The end of the year is coming, and that means tax season is just around the corner. Even when life was simpler, you probably struggled to make sure you avoided penalties and paid no more than your fair share. When you had a child, your tax situation gained additional complexities, and now that you and the child’s other parent are not together, you may have many questions about what the government expects of you at tax time.
If you are a non-custodial parent who pays child support, you probably want to know if any deductions or credits apply to you. There are several ways to save money on your tax bill by taking the credits for which you are eligible. However, claiming dependents or deductions when you do not qualify for them can be a mistake that will cost you in the long run.
Claiming dependents on your taxes
If you have physical custody of your child and the child sleeps in your home more nights than in the home of the other parent, you can probably claim that child as your dependent. However, if a family court has given physical custody to the other parent, you may think it is only fair that you claim the child as your dependent, especially if you are paying child support. Unfortunately, this is not true. Your child support payments do not qualify you to claim the child on your taxes.
However, if you have joint custody, the solution may not be so clear. You and the other parent may have to work out some agreement for who gets to claim the child on his or her taxes — for example, alternating years for claiming the child. If you have more than one child, each of you could claim different children as your dependents. It is wise to have this agreement spelled out in your divorce decree.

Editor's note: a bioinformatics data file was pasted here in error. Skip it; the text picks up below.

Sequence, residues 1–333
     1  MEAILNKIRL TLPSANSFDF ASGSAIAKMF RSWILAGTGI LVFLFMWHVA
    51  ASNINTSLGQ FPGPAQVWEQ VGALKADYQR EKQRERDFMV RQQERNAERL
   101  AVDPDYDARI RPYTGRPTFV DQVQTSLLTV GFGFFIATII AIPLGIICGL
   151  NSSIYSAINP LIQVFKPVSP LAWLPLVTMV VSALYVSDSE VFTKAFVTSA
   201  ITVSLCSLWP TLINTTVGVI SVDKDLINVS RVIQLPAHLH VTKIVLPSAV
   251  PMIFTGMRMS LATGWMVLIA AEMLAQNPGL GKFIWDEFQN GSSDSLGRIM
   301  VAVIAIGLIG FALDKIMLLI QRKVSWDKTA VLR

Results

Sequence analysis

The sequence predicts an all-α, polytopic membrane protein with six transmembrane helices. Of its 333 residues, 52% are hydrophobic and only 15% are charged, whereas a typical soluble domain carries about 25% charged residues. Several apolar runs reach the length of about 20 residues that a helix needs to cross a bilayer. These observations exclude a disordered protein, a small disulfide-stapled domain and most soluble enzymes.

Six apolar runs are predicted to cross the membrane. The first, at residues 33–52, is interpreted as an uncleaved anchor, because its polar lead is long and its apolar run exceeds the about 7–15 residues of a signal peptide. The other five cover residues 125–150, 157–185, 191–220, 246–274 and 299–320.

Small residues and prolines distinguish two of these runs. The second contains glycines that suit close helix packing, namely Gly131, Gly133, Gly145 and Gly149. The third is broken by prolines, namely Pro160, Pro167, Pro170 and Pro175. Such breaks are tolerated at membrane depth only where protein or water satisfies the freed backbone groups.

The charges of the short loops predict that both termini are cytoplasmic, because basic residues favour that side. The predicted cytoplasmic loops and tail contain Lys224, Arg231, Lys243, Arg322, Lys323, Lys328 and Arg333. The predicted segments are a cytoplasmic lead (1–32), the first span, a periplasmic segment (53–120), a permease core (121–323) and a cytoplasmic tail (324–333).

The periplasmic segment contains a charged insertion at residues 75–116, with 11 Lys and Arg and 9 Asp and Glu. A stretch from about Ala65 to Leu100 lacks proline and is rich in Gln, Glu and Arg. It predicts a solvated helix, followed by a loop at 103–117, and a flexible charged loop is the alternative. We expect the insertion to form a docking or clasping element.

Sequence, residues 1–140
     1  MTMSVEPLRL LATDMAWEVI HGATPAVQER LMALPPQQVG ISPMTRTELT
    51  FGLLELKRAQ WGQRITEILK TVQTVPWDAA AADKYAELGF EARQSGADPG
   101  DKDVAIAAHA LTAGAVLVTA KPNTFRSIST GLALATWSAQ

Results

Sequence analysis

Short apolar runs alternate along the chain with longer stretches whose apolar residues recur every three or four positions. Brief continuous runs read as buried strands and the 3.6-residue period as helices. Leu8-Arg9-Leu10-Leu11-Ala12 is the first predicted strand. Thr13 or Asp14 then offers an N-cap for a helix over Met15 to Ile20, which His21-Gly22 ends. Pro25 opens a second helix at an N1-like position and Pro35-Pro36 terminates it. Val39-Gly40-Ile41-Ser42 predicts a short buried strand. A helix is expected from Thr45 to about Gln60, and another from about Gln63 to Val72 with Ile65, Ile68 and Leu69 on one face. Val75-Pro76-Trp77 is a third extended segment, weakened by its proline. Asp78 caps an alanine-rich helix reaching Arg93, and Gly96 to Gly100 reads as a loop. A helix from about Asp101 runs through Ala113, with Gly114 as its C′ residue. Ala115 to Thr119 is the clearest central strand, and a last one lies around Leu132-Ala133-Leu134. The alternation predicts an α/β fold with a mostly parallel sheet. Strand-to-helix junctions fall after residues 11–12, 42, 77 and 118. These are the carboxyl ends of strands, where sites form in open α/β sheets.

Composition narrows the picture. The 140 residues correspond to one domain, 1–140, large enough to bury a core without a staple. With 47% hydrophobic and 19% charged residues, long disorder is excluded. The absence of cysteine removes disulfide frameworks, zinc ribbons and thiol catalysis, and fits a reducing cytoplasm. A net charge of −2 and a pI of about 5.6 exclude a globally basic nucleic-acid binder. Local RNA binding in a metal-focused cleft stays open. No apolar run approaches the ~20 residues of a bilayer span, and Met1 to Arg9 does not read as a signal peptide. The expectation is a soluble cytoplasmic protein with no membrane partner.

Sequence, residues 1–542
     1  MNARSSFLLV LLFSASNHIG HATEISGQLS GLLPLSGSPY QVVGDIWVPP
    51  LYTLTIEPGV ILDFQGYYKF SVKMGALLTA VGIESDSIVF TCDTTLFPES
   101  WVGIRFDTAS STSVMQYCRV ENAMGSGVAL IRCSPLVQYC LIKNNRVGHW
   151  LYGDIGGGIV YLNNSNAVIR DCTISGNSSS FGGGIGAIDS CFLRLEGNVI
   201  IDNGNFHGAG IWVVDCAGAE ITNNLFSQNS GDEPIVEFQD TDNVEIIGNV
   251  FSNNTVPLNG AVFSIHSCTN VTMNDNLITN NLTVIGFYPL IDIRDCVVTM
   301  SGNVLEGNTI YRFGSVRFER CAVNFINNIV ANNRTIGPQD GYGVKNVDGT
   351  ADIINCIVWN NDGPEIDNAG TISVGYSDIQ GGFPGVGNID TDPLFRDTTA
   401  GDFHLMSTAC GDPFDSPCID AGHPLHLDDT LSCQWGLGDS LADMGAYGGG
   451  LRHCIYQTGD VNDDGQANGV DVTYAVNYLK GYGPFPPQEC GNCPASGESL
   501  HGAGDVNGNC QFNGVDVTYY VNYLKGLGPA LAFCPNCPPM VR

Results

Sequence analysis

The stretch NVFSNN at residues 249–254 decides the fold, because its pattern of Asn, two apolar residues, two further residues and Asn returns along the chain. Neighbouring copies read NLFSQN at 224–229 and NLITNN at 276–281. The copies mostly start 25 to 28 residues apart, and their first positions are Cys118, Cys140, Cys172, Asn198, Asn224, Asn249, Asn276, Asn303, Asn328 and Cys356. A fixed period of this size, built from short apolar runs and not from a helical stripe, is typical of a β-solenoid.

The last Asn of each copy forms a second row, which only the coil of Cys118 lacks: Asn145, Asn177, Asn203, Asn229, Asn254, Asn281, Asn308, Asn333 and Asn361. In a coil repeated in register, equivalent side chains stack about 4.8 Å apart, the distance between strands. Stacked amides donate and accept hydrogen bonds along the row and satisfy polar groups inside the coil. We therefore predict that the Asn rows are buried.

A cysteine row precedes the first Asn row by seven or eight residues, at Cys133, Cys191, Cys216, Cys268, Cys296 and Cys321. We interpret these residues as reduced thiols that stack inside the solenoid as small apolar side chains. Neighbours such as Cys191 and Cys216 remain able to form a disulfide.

Tax breaks and other questions
Certain tax benefits, such as the child tax credit and the child and dependent care credit, apply only to custodial parents. However, either parent may claim the earned-income credit if their income and other factors qualify. If you do not have physical custody of the child, you will have to ask the custodial parent to complete a Form 8332, allowing you to claim the credit.
As you can see, the complexities and nuances of tax law can be overwhelming, particularly when you and the other parent of your child are filing separate returns. Addressing these issues in your separation, divorce or custody agreements may relieve some of the stress during tax time.